Report Finds Little Need for El Toro Airport


There is little demand for an international airport at El Toro Marine Corps Air Station through the year 2025, according to a draft of an unreleased feasibility study commissioned by county officials.

The federally funded study concludes that a commercial airport at El Toro would not necessarily generate demand for passenger and cargo service in Orange County.

The study relied on optimistic forecasts for passenger and cargo demands and did not consider future environmental or passenger restrictions at Orange County airports. Still, it predicted only modest increases through the next three decades in passenger and cargo service at local airports, including a commercial airport at the Marine base.

The study was ordered by the Board of Supervisors and has not been made public. However, The Times obtained a Dec. 2 draft of the report by Leigh Fisher Associates.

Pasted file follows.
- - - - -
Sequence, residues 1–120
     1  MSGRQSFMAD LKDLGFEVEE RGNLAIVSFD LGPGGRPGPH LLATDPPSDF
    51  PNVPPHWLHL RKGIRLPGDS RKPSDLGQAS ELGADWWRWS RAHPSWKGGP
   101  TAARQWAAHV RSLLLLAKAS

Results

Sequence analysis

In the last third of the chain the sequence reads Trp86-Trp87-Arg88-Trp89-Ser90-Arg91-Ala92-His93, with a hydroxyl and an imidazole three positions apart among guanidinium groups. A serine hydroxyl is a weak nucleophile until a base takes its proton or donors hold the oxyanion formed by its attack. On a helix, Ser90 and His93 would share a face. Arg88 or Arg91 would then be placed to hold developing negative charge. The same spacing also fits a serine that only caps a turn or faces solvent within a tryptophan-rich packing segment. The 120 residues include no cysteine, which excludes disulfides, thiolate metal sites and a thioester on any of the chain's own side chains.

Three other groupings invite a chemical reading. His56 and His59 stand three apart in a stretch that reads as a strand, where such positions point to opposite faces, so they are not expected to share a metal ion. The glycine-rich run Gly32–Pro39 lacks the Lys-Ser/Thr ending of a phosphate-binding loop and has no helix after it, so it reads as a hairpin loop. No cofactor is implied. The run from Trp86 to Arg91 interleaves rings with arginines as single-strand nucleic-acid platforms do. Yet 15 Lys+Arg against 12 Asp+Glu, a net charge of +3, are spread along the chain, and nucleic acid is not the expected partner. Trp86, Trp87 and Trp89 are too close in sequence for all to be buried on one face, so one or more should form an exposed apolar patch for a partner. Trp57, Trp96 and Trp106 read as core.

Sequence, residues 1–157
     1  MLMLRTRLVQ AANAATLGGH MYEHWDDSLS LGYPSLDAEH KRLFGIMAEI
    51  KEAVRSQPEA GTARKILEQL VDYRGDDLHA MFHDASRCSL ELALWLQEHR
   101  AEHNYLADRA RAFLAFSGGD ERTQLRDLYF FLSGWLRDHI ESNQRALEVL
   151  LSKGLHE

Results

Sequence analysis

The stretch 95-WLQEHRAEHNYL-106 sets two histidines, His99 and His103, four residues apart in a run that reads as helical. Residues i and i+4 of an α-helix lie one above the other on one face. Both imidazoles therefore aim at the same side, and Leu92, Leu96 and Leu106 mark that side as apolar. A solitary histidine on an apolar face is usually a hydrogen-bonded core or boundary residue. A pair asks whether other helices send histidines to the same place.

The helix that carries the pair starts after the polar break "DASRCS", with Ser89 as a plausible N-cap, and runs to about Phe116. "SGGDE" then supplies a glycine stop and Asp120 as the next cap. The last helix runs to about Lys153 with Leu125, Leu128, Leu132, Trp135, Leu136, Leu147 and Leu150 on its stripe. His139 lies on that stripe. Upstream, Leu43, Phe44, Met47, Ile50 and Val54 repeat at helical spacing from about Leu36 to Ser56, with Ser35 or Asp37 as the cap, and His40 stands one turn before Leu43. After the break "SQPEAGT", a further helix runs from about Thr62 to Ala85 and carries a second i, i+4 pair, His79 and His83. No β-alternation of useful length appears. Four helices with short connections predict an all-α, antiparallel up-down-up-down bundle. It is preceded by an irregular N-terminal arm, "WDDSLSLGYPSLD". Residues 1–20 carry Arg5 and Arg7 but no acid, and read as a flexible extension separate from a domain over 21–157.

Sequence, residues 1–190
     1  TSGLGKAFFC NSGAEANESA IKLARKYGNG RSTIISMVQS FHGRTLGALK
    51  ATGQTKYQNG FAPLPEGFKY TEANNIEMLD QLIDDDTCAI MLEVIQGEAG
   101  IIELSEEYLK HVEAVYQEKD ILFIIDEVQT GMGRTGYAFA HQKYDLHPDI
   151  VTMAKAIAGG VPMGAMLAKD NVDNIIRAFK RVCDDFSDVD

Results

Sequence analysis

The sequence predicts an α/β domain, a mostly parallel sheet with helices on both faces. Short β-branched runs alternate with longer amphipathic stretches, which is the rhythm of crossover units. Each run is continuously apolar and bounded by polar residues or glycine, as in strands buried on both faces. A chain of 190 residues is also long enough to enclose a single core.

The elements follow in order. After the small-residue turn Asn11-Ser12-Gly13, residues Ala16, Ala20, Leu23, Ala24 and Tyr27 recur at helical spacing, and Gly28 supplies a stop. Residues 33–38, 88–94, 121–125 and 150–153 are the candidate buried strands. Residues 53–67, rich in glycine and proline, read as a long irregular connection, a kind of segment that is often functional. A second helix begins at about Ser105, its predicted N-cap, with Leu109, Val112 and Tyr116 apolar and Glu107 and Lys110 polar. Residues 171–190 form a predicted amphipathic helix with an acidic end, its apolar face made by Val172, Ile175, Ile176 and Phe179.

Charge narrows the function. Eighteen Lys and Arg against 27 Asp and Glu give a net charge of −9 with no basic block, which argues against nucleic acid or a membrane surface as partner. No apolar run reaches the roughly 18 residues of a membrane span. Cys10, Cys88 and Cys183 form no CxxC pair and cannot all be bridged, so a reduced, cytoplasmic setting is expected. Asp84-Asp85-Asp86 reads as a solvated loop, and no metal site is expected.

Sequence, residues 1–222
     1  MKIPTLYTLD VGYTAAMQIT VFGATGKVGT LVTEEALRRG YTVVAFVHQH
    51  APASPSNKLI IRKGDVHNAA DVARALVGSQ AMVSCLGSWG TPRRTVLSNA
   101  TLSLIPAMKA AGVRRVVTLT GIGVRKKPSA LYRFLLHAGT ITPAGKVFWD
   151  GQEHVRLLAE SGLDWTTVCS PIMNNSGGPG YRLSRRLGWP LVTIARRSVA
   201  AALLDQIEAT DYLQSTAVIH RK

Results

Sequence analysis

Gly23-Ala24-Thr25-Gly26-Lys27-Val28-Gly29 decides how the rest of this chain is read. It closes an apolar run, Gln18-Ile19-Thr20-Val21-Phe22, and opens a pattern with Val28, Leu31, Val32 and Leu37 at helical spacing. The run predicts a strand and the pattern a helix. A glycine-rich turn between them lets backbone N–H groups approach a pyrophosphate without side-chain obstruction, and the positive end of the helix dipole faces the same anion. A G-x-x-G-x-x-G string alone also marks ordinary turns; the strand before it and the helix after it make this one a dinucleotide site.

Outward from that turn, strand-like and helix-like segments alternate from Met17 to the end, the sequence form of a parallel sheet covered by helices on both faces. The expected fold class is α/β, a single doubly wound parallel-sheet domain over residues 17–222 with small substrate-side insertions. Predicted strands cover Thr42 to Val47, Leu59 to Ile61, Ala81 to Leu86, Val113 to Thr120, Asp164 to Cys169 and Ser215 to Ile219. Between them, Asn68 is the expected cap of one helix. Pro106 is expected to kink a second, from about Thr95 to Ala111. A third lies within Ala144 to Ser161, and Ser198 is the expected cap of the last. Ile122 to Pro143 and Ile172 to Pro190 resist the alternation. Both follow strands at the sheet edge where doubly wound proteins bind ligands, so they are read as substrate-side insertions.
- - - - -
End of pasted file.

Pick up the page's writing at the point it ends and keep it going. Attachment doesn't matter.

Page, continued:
The consultants' findings contradict a 1993 study by the Southern California Assn. of Governments, which found that El Toro "could be a very viable commercial airport in terms of serving demand."

The earlier study also said that John Wayne Airport "would be little affected," even if 40% of the flights from a new El Toro airport were so-called "long-haul" flights in commercial jets to cities more than two hours' distance.

However, the Leigh Fisher report counters arguments by some of the county's most powerful political and business interests to develop a commercial airport at the Marine base, which is scheduled to close by 1999.

Proponents say an airport is needed to accommodate the county's growth in the 21st Century, which they say will include a major increase in demand for passenger and cargo service. However, the new study suggests that predictions of a huge demand for a new airport may be unrealistic.

The consultants who prepared the new report declined to comment.

John Wayne Airport Manager Jan Mittermeier, who received a draft of the Leigh Fisher report in December, did not return repeated messages to her home Saturday.

Board of Supervisors Chairman Gaddi H. Vasquez said Saturday he had not seen the report but added that he is not surprised by the findings.